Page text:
real life

"I always thought wolf whistles were harmless, but I'm starting to change my mind."

Is a wolf-whistle harassment?

So asked One Nation Senator Malcolm Roberts this week on RN Drive.

“Some girls think that’s wonderful. They smile,” he told host Patricia Karvalas. “Others are offended.”

The 61-year-old former coal miner was swiftly torn down by the Twitterati who would not stand for such a statement.


And I felt a bit guilty about all the palaver because, unpopular opinion… I don’t mind the odd wolf-whistle.

I’ve always put it down to a bit of harmless nothing.

In fact, the last time it happened, it made me laugh. It was a sun-whittled tradie with a face like a leather baseball mitt, and it put a spring in my step, and the fleeting thought in my head of, ‘I’ve still got it’ *snaps fingers*.


I wouldn’t call it “wonderful”, though.

I’m not exactly stopping at construction sites to find out which man it was who whistled at me so I can give him my number. I’m not flagging down men who honk their shitty car horns at me, yelling, “Stop! Come back! DATE me, you lady-killer!” I’m not asking the old boss who slapped my arse in a bar whether he will meet my parents, and I’m not exactly picking out engagement rings with a man in a nightclub who stuck his hand up my dress.

I’m just saying, a whistle? Meh. I’ve had worse.

I took to the streets of Melbourne to ask as many women as I could what their experiences were. And I have to say; I had underestimated the effect.


I spoke to women across ages, ethnicities, body shapes and sizes. One hundred percent of women said they had been wolf-whistled at some point in their life, and almost ALL of them said the same thing: it was disgusting. They felt violated, embarrassed, self-conscious, disrespected and humiliated.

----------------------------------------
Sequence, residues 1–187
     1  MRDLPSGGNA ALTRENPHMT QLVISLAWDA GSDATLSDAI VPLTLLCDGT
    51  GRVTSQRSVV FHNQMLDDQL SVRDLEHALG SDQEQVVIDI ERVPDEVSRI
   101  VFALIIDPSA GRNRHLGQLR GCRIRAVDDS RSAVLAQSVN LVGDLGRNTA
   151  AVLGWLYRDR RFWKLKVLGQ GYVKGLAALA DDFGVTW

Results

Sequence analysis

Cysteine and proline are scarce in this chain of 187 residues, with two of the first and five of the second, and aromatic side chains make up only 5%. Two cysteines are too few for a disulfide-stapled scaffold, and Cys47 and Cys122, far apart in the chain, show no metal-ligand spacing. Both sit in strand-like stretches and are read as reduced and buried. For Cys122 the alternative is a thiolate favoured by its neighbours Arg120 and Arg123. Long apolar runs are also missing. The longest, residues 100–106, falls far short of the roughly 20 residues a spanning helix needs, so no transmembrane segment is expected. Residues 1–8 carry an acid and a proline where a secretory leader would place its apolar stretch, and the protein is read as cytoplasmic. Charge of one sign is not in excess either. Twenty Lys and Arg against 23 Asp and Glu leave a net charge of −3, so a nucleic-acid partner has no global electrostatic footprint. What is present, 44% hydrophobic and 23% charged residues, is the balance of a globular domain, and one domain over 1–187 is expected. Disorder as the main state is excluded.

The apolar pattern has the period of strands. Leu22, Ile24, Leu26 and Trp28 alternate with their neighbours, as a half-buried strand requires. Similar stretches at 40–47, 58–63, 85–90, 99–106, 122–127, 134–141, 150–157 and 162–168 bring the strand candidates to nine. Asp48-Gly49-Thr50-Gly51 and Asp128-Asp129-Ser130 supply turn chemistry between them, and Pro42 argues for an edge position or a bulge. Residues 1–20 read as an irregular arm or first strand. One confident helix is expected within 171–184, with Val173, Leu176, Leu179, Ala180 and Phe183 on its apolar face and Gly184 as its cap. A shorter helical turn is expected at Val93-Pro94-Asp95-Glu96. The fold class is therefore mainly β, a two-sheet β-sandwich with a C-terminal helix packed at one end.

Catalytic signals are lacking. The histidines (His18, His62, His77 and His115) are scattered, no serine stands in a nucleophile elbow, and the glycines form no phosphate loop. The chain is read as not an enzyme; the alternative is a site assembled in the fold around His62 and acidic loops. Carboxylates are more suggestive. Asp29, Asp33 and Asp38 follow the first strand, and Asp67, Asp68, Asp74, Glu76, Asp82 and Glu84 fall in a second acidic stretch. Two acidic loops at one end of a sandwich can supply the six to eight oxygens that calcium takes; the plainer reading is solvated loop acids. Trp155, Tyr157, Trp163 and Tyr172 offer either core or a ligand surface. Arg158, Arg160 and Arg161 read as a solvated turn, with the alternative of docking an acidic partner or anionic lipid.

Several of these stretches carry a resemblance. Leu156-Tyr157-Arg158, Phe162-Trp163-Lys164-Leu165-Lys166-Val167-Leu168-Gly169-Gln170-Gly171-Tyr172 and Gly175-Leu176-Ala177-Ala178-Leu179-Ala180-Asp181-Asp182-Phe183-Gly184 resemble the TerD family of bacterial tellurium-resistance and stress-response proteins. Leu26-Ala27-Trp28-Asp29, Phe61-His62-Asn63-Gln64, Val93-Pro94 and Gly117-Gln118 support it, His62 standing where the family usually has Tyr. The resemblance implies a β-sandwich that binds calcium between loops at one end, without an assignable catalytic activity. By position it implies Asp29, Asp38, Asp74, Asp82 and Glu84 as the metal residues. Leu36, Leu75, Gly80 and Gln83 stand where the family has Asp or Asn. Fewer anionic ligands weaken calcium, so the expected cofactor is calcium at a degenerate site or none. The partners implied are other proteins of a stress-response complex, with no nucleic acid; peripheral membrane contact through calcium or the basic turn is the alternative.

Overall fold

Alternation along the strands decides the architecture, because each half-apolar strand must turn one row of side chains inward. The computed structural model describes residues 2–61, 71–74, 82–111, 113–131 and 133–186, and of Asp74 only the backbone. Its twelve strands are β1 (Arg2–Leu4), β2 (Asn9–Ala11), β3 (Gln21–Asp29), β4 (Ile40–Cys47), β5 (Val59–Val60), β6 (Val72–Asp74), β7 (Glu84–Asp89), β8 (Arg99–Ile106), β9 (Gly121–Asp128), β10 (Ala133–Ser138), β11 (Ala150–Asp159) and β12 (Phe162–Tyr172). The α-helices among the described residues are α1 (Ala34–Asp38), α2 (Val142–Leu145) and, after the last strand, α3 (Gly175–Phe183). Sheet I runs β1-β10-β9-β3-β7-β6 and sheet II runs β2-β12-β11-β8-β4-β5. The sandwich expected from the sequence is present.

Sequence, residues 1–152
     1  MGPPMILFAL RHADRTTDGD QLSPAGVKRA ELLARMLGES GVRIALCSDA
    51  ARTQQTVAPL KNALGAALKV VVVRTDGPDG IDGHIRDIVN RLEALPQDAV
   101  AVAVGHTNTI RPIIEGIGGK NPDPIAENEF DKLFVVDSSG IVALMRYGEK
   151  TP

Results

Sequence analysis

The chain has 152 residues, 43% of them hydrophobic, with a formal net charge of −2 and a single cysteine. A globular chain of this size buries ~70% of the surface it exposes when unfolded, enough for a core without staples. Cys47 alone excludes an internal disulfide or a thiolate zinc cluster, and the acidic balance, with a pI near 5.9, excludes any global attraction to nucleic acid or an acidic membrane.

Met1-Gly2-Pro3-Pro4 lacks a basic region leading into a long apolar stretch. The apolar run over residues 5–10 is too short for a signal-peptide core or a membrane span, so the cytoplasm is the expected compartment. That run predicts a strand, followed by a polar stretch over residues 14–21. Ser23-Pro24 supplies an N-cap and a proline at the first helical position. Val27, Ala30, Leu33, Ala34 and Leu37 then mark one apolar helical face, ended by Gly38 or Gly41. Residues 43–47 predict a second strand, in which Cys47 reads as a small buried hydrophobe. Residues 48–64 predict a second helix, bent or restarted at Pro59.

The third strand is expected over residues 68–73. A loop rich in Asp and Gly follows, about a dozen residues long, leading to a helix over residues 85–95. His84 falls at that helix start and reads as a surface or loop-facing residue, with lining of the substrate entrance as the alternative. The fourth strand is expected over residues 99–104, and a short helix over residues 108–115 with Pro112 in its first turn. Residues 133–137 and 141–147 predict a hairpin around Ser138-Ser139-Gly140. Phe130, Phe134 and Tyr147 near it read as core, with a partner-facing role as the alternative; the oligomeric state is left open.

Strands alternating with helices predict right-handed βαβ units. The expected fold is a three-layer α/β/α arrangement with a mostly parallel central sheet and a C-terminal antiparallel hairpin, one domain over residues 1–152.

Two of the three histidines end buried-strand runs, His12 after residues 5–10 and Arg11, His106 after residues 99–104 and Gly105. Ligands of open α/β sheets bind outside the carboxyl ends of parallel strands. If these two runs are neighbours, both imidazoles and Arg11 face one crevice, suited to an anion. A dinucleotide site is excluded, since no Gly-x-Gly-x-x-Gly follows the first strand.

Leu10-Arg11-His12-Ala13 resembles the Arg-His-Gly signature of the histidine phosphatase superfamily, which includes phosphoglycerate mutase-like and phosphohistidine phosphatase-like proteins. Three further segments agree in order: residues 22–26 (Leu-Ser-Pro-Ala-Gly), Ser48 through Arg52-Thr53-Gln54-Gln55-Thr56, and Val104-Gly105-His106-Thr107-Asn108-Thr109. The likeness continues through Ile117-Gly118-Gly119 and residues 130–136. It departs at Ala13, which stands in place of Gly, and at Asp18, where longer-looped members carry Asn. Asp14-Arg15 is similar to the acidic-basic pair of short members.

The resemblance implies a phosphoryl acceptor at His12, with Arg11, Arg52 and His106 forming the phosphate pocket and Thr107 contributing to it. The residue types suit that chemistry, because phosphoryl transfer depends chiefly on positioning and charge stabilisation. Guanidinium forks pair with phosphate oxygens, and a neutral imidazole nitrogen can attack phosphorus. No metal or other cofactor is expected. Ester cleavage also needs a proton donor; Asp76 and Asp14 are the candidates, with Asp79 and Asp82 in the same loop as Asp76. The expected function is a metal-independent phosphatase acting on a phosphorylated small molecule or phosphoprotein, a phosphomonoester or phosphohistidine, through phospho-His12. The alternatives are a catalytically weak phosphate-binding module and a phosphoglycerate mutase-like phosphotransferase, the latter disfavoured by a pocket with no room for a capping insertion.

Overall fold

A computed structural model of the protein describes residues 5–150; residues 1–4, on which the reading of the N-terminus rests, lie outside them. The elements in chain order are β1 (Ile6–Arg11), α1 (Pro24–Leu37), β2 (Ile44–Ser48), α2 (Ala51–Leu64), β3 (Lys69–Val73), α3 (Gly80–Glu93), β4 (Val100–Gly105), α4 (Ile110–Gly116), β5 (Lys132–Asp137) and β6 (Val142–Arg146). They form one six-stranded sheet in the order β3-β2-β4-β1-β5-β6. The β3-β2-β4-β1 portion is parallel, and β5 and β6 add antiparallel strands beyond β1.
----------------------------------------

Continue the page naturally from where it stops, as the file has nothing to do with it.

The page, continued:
One told me she was an early bloomer and had been wolf-whistled since she was 14. Another said it never happens when she’s with her husband; as soon as he’s gone, it’s on. A petite, bright student told told me optimistically, “It’s not too bad in Melbourne. In Brisbane, I got it a couple of times a week!”

Only two women thought it was fine, harmless, funny. One of them was 82. The other in her late fifties.

What that says, I don’t know — perhaps that I’m an oblivious old lady who just wants a bit of a laugh and a slight ego boost. But more likely that our tolerance for casual sexist behaviour has plummeted, and we’ve had enough of it.

Is a wolf whistle harassment? We asked women on the streets of Melbourne. (iStock)

It made me rethink it entirely. And it led to me this excellent podcast episode of This American Life, about stories of people who decide to rethink the way they've been doing things.

Eleanor Gordon-Smith was an Aussie reporter who decided to confront a man who catcalled her and figure out why he did it, and see if she could get him to stop. It took 120 minutes of conversation to get him to agree to not harass women anymore. Oof.

The other thing I learned, which I've never thought about before, was the word itself. It's from the slang use of the word "wolf", meaning a man who gives unwanted sexual attention to women. Which seems entirely unfair to the animal species — they've done nothing wrong here.

Perhaps we need to reframe the name of it; in the same way a "king hit" has become a "coward punch", could the wolf-whistle do with a rename?

The Sleazoo?

The Jerk-Siren?

The Flute Of A Tiny Peen?

Or my favourite — the Dick Squeak.


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